FIG. 13 is a side view of the same;

FIG. 14 is a front view showing the essential parts of a sixth embodiment of this invention;

FIG. 15 is a side view of the same;

FIG. 16 is a front view showing the essential parts of a seventh embodiment of this invention;

FIG. 17 is a front view showing the essential parts of an eighth embodiment of this invention;

FIG. 18 is a side view of the same;

FIG. 19 is a front view showing the essential parts of a ninth embodiment of this invention;

FIG. 20 is a side view of the same;

FIG. 21 is a front view showing the essential parts of a tenth embodiment of this invention;

FIG. 22 is a perspective view of the same;

FIG. 23 is a front view showing the essential parts of an eleventh embodiment of this invention;

FIG. 24 is a front view showing the essential parts of a twelfth embodiment of this invention;

FIG. 25 is a perspective view of the same;

FIG. 26 is a front view showing the essential parts of a thirteenth embodiment of this invention;

FIG. 27 is a perspective view of the same;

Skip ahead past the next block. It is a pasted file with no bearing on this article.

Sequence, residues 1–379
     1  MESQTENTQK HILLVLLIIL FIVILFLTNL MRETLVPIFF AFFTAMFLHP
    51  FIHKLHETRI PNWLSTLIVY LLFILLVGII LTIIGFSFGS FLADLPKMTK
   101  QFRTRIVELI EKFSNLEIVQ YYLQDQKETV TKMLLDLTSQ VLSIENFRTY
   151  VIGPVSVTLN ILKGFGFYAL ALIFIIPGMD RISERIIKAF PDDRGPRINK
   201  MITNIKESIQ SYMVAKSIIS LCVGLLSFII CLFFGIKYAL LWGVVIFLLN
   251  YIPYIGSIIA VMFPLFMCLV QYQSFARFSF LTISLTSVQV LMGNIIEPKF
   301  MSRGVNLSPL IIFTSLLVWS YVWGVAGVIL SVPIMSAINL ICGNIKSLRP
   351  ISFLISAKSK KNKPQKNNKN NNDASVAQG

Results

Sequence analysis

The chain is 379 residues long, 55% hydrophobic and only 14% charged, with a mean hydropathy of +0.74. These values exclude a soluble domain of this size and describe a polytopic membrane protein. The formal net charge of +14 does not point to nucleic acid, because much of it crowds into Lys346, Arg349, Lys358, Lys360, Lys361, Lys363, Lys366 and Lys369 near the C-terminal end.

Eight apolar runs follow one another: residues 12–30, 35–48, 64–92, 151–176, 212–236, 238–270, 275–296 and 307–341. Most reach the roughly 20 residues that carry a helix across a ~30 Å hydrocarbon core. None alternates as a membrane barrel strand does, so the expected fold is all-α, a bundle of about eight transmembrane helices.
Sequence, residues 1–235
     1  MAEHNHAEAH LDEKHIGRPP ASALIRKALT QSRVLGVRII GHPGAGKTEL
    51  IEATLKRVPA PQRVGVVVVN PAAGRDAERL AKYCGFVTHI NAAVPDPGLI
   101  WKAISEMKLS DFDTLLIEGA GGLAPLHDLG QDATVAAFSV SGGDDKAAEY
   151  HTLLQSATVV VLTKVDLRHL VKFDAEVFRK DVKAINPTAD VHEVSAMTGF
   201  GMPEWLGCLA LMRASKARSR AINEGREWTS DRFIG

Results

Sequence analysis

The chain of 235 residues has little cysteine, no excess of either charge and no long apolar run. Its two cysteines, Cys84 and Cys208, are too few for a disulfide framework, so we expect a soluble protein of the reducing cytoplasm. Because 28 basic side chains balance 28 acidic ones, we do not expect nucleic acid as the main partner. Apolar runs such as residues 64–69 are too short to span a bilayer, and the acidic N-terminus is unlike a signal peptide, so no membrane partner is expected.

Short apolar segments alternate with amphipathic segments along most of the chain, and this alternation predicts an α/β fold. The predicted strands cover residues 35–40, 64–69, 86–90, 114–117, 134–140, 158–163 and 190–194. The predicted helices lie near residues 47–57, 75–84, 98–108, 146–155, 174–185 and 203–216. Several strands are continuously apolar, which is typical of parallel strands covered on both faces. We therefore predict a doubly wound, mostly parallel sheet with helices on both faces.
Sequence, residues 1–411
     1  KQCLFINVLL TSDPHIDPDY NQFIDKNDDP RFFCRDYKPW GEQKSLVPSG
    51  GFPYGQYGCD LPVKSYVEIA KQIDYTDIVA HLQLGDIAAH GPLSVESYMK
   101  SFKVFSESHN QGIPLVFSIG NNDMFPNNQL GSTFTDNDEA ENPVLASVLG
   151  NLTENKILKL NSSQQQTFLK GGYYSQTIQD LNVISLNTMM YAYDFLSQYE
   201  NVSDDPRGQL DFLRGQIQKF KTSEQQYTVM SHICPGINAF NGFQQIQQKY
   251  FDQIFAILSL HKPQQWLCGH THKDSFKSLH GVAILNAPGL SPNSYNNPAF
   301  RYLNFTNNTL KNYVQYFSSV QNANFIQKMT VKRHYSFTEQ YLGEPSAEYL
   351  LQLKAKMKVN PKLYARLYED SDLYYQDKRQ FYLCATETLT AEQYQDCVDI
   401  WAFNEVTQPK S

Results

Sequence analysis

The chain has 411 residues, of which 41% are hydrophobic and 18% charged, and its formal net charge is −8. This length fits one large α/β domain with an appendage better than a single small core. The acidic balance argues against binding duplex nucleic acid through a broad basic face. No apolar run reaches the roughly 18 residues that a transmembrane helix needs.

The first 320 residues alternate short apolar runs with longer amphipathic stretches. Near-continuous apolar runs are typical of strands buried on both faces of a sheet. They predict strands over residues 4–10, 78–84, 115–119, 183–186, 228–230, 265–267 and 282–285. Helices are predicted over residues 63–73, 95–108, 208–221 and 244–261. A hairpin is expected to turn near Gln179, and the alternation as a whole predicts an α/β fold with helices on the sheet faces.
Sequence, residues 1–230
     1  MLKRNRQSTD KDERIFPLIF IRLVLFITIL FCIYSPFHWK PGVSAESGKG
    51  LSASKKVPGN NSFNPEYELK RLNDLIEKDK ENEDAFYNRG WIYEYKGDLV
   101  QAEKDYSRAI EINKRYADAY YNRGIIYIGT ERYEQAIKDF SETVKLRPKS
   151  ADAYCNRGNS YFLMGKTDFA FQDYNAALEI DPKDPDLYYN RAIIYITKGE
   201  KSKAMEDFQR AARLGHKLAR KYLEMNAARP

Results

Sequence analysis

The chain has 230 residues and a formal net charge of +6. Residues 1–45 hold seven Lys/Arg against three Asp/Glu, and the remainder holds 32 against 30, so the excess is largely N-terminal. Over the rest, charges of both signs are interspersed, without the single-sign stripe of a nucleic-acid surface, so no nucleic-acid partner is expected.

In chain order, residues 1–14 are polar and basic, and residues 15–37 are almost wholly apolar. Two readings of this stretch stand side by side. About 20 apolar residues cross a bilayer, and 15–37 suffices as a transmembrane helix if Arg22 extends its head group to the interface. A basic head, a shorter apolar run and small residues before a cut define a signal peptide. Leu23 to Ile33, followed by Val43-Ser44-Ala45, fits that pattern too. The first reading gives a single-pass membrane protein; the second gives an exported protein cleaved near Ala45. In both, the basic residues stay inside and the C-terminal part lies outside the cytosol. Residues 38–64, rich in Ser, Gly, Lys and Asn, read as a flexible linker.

FIG. 28 is a front view showing the essential parts of a fourteenth embodiment of this invention;

FIG. 29 is a side view of the same;

FIG. 30 is a front view showing the essential parts of a fifteenth embodiment of this invention;

FIG. 31 is a side view of the same;

FIG. 32 is a front view showing the essential parts of a sixteenth embodiment of this invention;

FIG. 33 is a side view of the same;

FIG. 34 is a front view showing the essential parts of a seventeenth embodiment of this invention;

FIG. 35 is a side view of the same;

FIG. 36 is a front view showing the construction of a conventional surge absorber;

FIG. 37 is a circuit diagram showing an example of the way this surge absorber is used; and

FIG. 38 is a side view illustrating the operation of this surge absorber.

BEST MODE FOR CARRYING OUT THE INVENTION